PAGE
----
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Guardian ad Litem in a Custody Case?

A Guardian ad Litem (or “GAL” for short) is an attorney appointed by the Court to advocate for the best interest of the minor child(ren) in a custody case.  The role of the GAL is not to advocate for what the child wants, but rather for what the GAL believes is best for the child.  The GAL will typically interview the parties, the child(ren), and any other relevant third parties.  Other third parties may include teachers, therapists, doctors, etc.

The GAL will also review evidence such as text messages or emails between the parties, expert reports from psychologists, doctors or other professionals, children’s report cards, photos, criminal records and so forth.  The parties and/or their attorneys will have the opportunity to share evidence that they believe is important to the resolution of the case, with the GAL.

The GAL will typically prepare a report for the Court, outlining his or her recommendation of a custody schedule that is in the best interest of the child, and addressing any issues raised or evidence that was used in reaching this recommendation.  The Judge will generally respect the GAL’s opinion and recommendation, but the Judge is not bound or required to reach the same conclusion as the GAL recommended.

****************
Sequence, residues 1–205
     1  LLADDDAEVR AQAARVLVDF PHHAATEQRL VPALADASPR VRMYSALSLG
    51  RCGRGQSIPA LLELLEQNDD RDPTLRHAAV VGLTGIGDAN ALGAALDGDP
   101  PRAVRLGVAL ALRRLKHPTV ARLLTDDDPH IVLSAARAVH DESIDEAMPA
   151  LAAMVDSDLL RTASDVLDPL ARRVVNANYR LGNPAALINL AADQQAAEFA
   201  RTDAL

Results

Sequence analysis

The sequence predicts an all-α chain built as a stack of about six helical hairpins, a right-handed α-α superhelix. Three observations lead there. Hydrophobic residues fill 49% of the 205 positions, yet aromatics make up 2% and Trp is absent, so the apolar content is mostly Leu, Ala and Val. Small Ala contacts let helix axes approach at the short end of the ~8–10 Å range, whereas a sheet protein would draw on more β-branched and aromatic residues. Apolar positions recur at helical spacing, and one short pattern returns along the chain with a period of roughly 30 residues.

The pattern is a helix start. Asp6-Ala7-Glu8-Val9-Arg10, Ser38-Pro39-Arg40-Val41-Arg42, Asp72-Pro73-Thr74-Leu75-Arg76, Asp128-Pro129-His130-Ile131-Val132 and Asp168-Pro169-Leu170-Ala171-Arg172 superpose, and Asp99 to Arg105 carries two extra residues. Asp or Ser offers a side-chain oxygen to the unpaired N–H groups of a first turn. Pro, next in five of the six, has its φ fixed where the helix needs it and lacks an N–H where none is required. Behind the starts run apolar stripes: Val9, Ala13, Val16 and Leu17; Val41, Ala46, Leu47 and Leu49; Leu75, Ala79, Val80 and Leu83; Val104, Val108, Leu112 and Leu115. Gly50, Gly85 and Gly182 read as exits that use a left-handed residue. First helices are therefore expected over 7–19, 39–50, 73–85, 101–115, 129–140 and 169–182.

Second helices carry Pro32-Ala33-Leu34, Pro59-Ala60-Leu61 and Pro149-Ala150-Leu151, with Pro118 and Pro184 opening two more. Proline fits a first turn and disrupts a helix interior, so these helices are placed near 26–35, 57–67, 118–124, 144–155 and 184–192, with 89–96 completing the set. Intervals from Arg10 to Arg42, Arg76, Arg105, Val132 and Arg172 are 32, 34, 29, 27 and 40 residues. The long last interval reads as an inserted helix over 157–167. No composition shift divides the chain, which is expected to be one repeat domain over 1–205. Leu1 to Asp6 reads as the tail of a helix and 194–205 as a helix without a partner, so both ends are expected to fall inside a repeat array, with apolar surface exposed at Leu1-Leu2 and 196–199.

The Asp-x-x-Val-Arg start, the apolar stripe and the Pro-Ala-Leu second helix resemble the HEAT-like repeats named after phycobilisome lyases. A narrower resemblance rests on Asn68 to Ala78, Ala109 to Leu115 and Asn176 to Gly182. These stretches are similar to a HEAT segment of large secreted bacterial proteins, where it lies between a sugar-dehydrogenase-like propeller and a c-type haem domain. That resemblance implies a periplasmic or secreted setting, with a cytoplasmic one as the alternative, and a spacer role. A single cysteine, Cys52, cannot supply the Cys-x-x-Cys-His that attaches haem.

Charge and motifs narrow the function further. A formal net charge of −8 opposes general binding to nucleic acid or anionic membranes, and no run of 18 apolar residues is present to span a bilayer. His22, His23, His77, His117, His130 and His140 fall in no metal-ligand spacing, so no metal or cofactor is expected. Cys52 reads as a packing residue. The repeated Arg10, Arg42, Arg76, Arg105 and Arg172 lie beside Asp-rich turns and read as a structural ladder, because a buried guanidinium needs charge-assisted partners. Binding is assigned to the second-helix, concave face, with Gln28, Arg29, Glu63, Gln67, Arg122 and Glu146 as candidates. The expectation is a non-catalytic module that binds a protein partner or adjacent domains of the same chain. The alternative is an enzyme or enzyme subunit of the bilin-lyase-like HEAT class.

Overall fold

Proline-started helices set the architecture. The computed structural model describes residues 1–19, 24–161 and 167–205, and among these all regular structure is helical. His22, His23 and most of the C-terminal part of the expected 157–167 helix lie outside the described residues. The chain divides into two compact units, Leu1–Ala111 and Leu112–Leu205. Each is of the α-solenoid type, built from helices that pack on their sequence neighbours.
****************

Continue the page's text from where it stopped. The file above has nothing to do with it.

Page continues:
The GAL may testify in a trial or hearing.  If the GAL testifies, both parties (or their attorneys if they are represented) will have the opportunity to question the GAL.  Often, the judge will also want to ask the GAL some questions to ensure that all of the relevant factors have been considered by the GAL and by the Court.

Either party (or both parties) may request that the Court appoint a GAL, or the Court may choose to appoint a GAL without a request by the parties, if the Court deems it necessary.

There are typically costs associated with having a GAL involved in your custody case.  In some instances, the parties may split this cost, while in others, one party may bear the cost alone.  This often hinges on which party requested the GAL and the parties’ respective abilities to pay for the GAL.  If the Court chooses to appoint a GAL of its own volition, or if the parties are truly unable to afford the cost, the county will sometimes cover the cost of the GAL for the parties.

If you are interested in learning more about GALs, contact Tanner Law Offices at (717) 731-8114 to schedule a consultation with one of our attorneys.